Sorry it has been a while since my last post. We finished Leg 1 from Lorient, France to Mindelo, Cabo Verde Islands. The leg was about 2,000 NM and took about 9 days and we finished around 1:30 AM on July 5, between two lighthouses against a dark coastline in about 25k of wind.
Picking up where my last post left off, after we got through the narrow passage by Tenerife in the Canary Islands, we turned South and went on a dead downwind run that lasted for the next 6 days.
We avoided the wind shadow beneath Madeira, but elected not to go to the African coast where the routing suggested and four other boats went. After 3 days apart the fleet converged again as we raced to the finish and after Milai finished a day in front of us and Sec Hayai finished after them, the next four boats finished within four hours of each other after 9 days of racing. Pretty amazing. GS2 placed 5th, which was not our hope or expectation, but given the incredibly close finish, we are not too upset. Here are some reflections on the leg:
1. We definitely could have been more aggressive as we sailed on a tight reach from the start and towards Madeira, where we ended up losing a bit of ground. However, we were already experiencing auto-pilot problems and changed from one ram to the other, only to find the second was malfunctioning as well. So we had to hand steer the boat nearly the whole time and had numerous incidents of the pilot simply going off - which it normally never does - sending the boat into a crash tack or gybe, which is a real pain in the ass to get out of, particularly at night when it is easy to get disoriented. The mainsail and jib are backed, the boat is heeled over at an extreme angle and you have to slowly release one thing at a time to get the boat out of irons and going and then pointed in the right direction. It sucked and it must have happened a dozen times as either the pilot failed or Roger or I made a mistake due to exhaustion. We finally replaced one of the rams with an old ram that was slightly leaking hydraulic fluid but it remarkably worked and performed well for the last four days. But we los a lot of time due to the pilot issue.
2. I think we could have sailed more aggressively in terms of the sail plan, but quite honestly I am still in my solo sailor headset where you aim to get the boat going fast, but not out of control. As a solo sailor your top priority is taking care of the boat and yourself, while in double-handed sailing there is much more pressure to load on the sail and push the limits. So I think we had our smaller A6 spinnaker up at times when others had their big A2 kites up and they were going faster, while possibly wiping out from time to time. Maybe somewhere in the middle is philosophically the right place to be but you can be heavily rewarded for pushing the limits and you can also pay the price of trashing a sail or some part of the boat. My mantra is the "you have to finish to win" so am taking the long view, but I definitely feel the pressure to be more aggressive and Roger and I talk over our sail and course choices and decisions frequently.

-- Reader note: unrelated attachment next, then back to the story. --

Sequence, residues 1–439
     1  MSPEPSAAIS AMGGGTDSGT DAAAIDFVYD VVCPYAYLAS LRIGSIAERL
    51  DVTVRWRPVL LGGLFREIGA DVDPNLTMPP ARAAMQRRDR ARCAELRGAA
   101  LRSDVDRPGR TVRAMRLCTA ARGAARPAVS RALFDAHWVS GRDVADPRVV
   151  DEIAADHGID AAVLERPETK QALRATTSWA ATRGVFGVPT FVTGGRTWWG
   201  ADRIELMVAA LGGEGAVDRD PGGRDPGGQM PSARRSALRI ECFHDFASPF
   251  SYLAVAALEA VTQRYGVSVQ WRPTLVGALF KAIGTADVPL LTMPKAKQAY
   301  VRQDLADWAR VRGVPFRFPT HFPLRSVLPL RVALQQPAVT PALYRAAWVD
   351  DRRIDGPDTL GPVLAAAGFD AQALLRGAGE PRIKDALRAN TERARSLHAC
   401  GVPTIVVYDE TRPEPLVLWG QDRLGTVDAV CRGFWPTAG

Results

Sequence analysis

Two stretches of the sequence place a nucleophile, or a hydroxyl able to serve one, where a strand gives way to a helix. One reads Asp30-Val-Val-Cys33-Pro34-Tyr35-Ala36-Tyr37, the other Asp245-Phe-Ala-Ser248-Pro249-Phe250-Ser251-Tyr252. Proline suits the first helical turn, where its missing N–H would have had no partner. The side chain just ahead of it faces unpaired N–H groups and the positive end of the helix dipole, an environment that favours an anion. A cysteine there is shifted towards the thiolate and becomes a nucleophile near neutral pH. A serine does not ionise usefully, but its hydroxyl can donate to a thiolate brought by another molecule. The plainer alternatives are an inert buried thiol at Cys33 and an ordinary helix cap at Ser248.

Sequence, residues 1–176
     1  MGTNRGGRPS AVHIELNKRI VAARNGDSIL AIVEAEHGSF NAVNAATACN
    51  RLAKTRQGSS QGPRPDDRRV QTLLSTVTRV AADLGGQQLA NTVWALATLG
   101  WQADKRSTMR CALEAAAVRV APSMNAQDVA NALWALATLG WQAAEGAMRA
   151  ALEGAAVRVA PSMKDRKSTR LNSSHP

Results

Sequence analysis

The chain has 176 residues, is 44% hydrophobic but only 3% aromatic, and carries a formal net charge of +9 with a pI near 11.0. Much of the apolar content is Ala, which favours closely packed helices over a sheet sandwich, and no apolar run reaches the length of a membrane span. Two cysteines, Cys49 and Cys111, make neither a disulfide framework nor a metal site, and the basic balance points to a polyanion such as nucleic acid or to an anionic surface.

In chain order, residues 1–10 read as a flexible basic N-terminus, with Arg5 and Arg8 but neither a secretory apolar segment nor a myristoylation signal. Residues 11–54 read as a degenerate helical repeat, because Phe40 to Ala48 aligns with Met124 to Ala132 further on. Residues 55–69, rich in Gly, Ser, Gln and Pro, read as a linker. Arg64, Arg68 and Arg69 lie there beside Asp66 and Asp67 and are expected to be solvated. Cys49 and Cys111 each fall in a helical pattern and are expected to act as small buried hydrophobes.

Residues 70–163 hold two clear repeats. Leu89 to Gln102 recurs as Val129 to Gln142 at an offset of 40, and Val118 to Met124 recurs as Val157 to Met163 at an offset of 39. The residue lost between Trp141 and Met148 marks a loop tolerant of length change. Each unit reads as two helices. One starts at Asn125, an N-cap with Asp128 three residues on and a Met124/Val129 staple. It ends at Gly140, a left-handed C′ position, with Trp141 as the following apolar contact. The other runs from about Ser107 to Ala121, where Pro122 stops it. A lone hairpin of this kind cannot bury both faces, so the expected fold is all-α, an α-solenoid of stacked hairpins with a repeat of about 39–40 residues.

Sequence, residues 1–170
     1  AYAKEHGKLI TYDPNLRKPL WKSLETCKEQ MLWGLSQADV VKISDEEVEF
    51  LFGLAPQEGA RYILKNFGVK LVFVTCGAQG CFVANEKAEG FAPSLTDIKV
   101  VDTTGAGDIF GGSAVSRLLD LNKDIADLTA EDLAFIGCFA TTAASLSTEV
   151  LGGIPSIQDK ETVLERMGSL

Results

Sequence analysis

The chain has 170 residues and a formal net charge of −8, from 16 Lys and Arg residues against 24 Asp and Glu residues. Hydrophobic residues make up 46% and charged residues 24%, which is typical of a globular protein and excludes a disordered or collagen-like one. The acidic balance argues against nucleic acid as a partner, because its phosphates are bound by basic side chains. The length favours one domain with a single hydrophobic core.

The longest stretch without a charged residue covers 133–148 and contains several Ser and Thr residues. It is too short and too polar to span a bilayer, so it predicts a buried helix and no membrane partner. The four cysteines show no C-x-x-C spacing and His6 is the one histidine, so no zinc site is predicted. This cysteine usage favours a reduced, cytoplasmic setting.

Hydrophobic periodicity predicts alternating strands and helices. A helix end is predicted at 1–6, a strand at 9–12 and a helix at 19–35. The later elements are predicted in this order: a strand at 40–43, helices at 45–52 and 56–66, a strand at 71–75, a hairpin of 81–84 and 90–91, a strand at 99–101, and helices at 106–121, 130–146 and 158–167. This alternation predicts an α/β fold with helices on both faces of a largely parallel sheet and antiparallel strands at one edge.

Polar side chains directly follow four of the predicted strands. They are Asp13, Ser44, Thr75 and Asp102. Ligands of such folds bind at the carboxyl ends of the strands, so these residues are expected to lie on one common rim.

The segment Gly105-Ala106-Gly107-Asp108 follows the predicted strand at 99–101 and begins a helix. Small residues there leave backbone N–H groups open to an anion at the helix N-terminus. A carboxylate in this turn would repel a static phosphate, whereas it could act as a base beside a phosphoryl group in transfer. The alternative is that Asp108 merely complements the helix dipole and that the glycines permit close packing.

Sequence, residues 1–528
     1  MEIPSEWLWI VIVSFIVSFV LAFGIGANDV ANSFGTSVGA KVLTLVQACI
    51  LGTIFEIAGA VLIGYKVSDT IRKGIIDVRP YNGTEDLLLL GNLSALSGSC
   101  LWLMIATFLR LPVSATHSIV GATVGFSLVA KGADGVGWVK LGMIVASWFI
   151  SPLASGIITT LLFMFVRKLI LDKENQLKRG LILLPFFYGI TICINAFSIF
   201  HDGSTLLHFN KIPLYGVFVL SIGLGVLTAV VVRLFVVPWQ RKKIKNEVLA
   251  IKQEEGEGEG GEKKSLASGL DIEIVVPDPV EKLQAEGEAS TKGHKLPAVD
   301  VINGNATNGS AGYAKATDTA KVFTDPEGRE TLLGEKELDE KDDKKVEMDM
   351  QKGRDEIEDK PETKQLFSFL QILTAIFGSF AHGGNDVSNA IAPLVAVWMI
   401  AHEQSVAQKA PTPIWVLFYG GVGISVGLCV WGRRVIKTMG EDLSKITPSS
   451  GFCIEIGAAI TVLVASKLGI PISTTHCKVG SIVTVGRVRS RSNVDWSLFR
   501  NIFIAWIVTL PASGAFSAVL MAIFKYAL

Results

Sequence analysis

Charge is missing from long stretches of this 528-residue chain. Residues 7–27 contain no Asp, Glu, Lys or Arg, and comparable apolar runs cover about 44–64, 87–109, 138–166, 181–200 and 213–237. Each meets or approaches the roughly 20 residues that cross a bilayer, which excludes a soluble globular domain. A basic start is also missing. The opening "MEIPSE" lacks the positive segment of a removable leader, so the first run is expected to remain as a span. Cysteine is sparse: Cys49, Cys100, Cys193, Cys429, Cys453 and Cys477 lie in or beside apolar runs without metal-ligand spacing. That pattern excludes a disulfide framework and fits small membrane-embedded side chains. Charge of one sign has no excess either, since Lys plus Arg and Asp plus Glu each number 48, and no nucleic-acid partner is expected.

3. The boat performed well downwind, particularly after we (Roger) made a huge effort to get all the weight out of the bow and stacked everything in the stern. When it was windy we loaded aft water ballast as well which really stabilizes the boat and allows the pilot to steer without wiping out in gusts up to 25k. However, the newer boats are more "bow up"in attitude and I think particularly the Moroccan boat #133 goes very smoothly and easily downwind with less effort. Not much to do about that!
4. We try to keep clean and dry living conditions below so we can get food and rest, but sometimes everything seems wet and the exhaustion is overwhelming. Again I think back to my solo circumnavigation where I would get the boat set up so I could simply monitor it, rather than continue to push it. Double-handed racing requires more energy and aggression, so for 62-year old guys, you have to dig pretty deep to find that extra gear.... at least I do. I have dropped about 20 pounds since I left Maine - partly due to stress and partly due to physical exertion and eating less. This ain't easy. Luckily my co-skipper Roger is a strong, 38-year-old guy who has a high capacity for hard work and is learning this game quickly. And we share the bow work and all the chores, as everything is easier with two guys versus one.
So as I look ahead, I feel good about our prospects and confident we can perform at a higher level. We are working hard here in Cabo Verde to get the boat in top shape for Leg 2 from CV to Mauritius, which is projected to take somewhere around 35 days, 3X Leg 1. Holy Guacamole. My son Griffin is coming for a visit with his pal Owen Ward, so I am looking forward to a few days off of hiking, biking, diving and surfing with the young bucks. It will be great to get my head out of the boat for a while.
So that's the report from Mindelo, Cabo Verde, where it is blowing 25k as it often does. The mountains and lunar landscape here are totally cool and I look forward to doing some exploring.